A few days ago I read a friend’s story of why he decided to go help fight Ebola in Sierra Leone as a doctor with Partners in Health.
In describing why he felt he had to go, he wrote “I don’t recall the exact article that set me off, but something clicked that day, and I remember feeling upset and angry. Politicians and media personalities were shouting that we should close the airports and quarantine returning health care workers in isolation tents. Some of it was motivated by ignorance, some by fear, some by politics. None of it was motivated or informed in any way by science. My favorite example was the school in New Jersey that panicked and refused to admit two elementary school children from Rwanda. Never mind that Rwanda is 2,600 miles from the epidemic area in West Africa. That’s the distance from my apartment in DC to Lake Tahoe. And believe me, given the average condition of roads in West Africa, it might as well be the distance to the moon.”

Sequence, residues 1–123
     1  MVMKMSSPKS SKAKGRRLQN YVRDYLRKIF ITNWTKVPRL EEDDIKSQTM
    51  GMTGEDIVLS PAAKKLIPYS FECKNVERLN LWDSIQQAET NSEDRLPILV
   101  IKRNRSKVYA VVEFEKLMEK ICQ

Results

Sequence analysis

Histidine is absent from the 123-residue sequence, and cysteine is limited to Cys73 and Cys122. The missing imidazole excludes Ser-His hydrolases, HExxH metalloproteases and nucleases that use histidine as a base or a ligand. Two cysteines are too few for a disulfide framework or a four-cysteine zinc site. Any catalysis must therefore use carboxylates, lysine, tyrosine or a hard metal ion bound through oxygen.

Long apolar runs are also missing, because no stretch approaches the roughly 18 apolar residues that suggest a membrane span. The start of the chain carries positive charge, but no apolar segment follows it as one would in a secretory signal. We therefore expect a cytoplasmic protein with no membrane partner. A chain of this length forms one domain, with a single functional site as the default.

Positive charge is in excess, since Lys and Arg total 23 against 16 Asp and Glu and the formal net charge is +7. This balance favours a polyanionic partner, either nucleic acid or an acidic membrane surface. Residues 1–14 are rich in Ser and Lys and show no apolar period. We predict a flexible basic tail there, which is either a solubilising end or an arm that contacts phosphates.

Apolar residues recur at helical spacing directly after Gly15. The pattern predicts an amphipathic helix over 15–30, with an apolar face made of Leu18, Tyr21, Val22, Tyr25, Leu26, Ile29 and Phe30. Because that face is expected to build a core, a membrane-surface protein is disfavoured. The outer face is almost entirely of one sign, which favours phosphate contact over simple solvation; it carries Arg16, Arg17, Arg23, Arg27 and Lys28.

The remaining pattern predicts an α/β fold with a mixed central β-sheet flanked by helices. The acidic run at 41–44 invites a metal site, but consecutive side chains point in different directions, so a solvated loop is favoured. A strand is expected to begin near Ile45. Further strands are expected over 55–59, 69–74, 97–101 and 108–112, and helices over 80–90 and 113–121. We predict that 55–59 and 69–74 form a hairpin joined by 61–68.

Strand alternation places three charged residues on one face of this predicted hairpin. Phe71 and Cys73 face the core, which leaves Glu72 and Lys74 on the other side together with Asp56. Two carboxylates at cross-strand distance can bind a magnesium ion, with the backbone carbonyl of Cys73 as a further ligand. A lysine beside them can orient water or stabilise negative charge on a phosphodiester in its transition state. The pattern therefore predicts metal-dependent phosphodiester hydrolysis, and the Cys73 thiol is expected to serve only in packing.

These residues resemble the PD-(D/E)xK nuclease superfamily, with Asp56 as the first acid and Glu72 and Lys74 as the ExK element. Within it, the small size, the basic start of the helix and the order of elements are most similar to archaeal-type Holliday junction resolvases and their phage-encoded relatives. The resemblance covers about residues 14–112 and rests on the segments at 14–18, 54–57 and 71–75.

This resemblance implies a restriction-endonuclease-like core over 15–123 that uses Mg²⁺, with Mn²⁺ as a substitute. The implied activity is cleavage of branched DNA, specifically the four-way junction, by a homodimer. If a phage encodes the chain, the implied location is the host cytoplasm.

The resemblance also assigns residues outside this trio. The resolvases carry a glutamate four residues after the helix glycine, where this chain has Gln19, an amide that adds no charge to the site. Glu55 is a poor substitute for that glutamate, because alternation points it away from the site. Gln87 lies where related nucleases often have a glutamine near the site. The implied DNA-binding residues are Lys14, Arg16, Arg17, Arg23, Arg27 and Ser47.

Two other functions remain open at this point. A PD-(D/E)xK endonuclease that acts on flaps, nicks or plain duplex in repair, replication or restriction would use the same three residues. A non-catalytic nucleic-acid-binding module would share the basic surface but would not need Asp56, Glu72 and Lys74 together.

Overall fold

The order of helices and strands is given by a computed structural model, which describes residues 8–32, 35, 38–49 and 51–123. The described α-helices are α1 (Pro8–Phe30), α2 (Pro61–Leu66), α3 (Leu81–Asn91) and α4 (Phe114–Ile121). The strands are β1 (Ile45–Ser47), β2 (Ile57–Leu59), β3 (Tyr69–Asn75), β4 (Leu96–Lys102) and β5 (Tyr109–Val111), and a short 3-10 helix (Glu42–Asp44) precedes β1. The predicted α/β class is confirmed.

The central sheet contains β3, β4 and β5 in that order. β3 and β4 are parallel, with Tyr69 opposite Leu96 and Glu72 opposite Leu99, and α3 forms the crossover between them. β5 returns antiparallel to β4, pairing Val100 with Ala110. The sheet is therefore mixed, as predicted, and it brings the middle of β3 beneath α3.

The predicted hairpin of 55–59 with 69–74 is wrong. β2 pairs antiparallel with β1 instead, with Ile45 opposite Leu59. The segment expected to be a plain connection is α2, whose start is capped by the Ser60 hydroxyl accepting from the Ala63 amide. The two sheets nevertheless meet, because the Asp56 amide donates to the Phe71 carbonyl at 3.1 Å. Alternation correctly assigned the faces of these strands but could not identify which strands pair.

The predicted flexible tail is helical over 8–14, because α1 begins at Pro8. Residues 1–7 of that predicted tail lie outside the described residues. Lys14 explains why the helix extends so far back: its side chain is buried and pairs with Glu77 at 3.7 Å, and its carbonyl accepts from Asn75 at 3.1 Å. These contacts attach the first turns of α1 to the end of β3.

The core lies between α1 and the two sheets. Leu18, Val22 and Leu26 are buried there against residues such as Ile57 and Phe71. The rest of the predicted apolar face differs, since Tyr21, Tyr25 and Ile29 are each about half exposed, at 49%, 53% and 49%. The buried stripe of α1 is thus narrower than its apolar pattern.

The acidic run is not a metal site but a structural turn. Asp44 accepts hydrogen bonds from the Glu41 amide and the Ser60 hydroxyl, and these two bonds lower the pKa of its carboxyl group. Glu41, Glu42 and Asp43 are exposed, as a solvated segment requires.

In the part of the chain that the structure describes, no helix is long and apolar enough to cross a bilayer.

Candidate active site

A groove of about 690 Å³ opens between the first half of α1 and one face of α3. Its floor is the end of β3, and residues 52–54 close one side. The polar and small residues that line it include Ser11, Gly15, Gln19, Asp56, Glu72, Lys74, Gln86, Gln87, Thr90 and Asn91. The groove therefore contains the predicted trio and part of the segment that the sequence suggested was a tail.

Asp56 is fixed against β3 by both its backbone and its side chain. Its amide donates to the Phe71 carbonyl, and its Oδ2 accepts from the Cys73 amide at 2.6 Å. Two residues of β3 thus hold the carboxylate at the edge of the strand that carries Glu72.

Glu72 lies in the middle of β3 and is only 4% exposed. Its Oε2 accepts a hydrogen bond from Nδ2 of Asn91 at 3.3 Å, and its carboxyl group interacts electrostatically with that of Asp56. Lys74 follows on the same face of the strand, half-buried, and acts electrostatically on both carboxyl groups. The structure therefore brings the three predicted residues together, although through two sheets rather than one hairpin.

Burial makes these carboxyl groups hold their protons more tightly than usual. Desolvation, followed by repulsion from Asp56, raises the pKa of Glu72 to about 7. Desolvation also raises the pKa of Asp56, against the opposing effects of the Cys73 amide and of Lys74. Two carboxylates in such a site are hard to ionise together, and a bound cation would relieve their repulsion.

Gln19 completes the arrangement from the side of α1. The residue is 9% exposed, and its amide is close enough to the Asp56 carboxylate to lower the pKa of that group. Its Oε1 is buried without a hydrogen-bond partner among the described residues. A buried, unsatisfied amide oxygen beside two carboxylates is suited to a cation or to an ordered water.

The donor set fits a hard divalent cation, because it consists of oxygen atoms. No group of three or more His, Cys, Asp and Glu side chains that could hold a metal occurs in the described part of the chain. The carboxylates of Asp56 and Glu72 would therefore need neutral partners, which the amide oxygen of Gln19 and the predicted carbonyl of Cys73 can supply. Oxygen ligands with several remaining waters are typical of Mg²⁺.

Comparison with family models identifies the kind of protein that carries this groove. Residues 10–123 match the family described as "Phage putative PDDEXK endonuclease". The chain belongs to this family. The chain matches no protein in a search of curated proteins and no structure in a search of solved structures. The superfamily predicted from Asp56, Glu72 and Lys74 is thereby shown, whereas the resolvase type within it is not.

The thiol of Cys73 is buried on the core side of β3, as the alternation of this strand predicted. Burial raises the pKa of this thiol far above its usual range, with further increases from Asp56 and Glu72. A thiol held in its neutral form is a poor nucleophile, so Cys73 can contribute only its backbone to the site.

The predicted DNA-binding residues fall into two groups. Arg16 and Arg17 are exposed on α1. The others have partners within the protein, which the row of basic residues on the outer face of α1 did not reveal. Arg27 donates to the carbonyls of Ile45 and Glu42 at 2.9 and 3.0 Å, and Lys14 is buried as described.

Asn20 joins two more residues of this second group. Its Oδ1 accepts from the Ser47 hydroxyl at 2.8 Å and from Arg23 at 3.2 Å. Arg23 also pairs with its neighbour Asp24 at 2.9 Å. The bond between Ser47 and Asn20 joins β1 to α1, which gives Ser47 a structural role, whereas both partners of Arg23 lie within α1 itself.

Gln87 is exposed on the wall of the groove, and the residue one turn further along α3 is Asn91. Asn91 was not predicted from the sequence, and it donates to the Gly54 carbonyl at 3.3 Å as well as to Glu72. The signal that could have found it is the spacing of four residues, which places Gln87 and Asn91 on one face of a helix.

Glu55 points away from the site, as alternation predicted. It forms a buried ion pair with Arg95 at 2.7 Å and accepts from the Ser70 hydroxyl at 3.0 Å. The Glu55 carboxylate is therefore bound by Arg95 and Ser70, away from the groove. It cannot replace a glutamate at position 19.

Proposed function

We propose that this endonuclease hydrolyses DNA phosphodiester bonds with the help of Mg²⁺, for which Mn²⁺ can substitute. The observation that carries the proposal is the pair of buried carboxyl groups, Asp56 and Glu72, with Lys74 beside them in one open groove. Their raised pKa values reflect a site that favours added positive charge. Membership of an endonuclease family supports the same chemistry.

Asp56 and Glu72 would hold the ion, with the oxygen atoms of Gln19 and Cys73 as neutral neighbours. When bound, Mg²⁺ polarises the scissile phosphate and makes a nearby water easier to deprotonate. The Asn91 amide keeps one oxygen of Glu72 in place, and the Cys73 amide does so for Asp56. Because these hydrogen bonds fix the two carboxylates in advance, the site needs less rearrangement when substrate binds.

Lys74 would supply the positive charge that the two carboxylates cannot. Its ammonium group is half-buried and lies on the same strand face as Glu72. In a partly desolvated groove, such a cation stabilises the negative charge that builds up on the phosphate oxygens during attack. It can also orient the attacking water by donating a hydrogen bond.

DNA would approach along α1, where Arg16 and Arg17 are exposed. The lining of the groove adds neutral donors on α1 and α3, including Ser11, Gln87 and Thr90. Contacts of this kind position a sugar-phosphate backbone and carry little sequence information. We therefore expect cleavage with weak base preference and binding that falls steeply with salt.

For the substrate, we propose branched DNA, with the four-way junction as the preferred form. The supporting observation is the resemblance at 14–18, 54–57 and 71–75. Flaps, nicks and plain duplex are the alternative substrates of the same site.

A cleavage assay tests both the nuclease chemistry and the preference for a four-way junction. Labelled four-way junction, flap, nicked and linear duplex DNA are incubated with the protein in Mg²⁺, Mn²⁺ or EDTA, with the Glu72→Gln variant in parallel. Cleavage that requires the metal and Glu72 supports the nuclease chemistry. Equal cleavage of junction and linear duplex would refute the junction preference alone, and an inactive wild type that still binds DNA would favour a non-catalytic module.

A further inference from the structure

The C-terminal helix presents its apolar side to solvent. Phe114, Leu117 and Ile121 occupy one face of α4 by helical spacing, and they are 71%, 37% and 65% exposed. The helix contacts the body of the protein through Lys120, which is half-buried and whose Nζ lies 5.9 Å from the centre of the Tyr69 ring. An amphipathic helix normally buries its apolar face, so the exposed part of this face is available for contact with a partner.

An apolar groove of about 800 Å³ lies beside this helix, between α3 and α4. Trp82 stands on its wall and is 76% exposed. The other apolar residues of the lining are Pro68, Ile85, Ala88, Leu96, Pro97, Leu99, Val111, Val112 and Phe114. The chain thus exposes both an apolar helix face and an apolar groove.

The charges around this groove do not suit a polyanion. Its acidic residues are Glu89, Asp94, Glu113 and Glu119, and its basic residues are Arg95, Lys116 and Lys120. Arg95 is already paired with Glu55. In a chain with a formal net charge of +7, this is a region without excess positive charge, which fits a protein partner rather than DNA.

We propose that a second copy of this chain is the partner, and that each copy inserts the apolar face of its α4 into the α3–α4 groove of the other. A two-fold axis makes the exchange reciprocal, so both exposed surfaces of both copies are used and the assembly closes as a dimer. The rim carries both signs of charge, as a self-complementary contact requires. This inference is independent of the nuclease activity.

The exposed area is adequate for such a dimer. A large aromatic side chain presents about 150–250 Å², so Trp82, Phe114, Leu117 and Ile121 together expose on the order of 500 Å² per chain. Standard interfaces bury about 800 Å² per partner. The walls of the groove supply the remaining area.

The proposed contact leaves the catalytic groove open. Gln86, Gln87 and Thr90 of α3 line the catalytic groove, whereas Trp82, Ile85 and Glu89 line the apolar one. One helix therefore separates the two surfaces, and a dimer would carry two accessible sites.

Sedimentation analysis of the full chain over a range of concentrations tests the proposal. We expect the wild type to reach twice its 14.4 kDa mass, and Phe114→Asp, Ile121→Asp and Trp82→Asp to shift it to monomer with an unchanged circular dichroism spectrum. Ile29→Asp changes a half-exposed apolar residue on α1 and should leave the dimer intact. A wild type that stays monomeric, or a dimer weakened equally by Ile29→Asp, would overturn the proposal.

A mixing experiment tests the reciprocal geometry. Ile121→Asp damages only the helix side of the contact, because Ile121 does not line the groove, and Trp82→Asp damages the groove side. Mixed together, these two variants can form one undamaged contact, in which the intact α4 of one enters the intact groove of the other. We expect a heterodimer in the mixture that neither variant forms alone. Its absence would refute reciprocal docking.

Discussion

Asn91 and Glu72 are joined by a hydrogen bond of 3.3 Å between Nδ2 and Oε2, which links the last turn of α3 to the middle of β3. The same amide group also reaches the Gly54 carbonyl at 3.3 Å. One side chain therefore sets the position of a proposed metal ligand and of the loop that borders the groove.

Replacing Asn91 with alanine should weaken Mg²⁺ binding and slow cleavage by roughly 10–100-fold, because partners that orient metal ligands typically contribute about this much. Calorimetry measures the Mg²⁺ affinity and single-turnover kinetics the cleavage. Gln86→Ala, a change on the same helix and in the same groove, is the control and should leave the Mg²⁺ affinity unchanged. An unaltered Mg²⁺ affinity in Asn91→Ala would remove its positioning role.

There are a lot of things contributing to this. But, I wonder if our reliance on the mercator map projection plays a small role too. As Westerners I think we vastly underestimate the hugeness of Africa, and this affects how we think, react, and feel about the news we hear from Africa.
This inspired me to want to compare the true sizes of different parts of the world. So, I created a little tool to explore for myself and to enable others to explore too.
This isn’t going to change the world. But, maybe it will help us understand the world just a tiny, tiny bit better.